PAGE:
Breeding And Foaling
Deciding to breed from your mare is a big decision and if all goes to plan you will end up with a beautiful home grown foal who is happy and healthy.
Several factors need to be taken into consideration before deciding to breed such as:
Make sure that you have enough time to successfully look after a mare in foal and later a mare with foal. Remember that foals quickly grow from that cute little bundle into a boisterous, playful yearling and then into the ever increasing two, three and four year old.
Appropriate facilities for before, during and after foaling will be required.
Sending Your Mare off To Stud
Before you can send your mare off to stud she will need to undergo two swabs which the vet will do. These swabs are the Endometrial swab and the Clitoral swab, what these tests show is if she is free from infection and will therefore not contaminate the stallion. No stud will accept a mare without them.
Your mare will also need to be up to date with her worming and vaccination program and will need her passport as proof of these to be taken with her.
The mare should be in soft condition, but not fat, and be sent with a leather head collar with her name on it and her shoes removed to help prevent her from injuring either the stallion or any other mares.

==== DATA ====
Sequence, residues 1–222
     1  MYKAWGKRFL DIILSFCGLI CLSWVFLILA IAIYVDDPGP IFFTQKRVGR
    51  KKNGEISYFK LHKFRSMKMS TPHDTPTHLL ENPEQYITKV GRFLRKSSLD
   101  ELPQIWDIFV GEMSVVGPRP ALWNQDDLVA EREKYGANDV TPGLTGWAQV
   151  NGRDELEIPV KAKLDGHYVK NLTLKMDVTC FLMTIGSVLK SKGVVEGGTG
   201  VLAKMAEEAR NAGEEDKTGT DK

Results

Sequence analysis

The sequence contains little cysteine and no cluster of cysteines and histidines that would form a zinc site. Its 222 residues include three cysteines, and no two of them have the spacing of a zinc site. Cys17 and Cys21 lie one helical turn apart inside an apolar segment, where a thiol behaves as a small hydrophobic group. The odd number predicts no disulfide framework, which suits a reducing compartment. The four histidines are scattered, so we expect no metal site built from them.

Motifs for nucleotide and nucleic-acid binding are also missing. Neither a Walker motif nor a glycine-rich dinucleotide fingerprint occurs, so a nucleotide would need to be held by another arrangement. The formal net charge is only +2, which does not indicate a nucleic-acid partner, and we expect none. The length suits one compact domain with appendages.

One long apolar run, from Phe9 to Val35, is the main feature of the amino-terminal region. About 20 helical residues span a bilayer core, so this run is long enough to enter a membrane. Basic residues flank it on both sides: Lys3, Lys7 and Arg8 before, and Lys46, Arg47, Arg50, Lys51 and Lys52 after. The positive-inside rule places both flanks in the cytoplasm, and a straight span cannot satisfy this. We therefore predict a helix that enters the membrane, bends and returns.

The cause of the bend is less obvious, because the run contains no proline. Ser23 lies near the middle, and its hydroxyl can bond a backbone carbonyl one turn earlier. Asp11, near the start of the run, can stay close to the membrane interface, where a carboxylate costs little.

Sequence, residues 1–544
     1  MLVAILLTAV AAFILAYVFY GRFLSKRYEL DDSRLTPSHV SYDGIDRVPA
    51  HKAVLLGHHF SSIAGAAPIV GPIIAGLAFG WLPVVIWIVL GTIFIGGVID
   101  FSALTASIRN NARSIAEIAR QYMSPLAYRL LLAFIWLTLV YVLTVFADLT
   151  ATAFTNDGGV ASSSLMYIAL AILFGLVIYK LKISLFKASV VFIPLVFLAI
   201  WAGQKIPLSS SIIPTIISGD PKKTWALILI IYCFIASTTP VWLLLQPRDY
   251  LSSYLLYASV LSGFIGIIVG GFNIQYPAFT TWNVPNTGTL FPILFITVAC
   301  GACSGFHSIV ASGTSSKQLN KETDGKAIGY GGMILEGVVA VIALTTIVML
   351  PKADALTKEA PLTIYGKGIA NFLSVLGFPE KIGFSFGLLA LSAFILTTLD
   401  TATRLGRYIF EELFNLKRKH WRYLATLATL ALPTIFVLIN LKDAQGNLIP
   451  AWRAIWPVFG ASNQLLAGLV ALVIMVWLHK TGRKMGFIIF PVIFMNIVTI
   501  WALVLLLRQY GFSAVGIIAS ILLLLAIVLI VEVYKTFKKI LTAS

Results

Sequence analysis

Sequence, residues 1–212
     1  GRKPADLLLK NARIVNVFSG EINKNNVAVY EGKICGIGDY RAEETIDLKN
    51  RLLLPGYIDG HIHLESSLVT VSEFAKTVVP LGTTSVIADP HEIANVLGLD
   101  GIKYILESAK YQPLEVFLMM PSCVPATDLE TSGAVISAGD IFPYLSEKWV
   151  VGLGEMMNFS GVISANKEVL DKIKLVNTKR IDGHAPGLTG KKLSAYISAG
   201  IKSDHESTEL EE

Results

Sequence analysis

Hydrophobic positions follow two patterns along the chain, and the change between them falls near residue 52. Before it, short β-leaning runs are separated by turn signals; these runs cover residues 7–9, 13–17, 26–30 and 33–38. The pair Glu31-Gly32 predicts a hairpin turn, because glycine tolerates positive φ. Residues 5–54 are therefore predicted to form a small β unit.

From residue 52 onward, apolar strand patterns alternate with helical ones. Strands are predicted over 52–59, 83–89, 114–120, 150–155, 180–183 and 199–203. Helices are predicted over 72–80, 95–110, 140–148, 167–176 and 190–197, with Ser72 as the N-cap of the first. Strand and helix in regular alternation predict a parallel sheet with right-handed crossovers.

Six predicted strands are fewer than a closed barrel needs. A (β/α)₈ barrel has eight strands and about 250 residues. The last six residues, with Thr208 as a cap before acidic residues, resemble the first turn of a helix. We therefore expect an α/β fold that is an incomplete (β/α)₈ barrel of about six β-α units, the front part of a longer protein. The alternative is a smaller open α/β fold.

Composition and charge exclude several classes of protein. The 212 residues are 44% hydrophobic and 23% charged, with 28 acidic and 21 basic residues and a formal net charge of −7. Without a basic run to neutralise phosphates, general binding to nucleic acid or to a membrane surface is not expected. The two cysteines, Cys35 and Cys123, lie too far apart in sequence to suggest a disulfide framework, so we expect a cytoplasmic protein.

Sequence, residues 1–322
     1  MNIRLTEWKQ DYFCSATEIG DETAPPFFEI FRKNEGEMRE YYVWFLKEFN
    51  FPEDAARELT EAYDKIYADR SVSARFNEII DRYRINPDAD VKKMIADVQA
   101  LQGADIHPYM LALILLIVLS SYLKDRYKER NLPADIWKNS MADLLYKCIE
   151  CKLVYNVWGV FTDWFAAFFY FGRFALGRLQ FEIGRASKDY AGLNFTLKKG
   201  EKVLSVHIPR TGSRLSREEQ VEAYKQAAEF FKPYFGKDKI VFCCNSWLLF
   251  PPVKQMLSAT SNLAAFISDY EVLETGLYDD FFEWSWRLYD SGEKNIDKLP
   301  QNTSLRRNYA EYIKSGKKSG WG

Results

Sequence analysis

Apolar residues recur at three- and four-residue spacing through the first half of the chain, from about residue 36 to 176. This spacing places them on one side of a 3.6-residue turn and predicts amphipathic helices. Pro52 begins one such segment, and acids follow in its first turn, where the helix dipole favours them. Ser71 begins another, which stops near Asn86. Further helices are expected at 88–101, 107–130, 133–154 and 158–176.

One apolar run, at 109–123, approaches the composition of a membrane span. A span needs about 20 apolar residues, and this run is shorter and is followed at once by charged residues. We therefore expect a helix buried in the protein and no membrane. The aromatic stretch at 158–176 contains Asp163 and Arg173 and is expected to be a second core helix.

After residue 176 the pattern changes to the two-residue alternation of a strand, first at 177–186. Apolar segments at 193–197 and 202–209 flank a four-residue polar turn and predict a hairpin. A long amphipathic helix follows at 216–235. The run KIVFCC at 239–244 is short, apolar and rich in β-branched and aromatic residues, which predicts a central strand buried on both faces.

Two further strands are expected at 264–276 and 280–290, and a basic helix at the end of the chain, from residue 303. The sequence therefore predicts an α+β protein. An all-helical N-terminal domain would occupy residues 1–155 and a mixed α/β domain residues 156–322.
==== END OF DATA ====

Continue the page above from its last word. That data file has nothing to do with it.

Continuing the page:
Preparation for Foaling
Watch and only intervene if your mare is having difficulty, for example if the foal is not presented correctly or if the waters break and nothing happens within a few moments. You may need to inter vine to clear the foals nostrils so that when the umbilical cord breaks they will be able to breath.
More about Foaling
After Care of Mare And Foal
The mare will need the afterbirth tied up later checked that it is all there. She will need to be checked for tears that may need stitching. The mare should bond quickly with the foal and should allow the foal to suckle, maiden mares sometimes find this uncomfortable at first and you may have to hold the mare to allow the foal to get some milk
The foal should have its umbilical cord stump treated straight away to prevent infection and this is a good time to check whether you have a colt or a filly, and give them a once over to check for abnormalities. The foal should be on their feet and suckling within a few moments of foaling and be suckling on the mares colostrum which will help to give him immunity from infection. Some foals need guidance to find the mares teats the first time but you will find that once they have had some milk they will quickly search the teats out for more.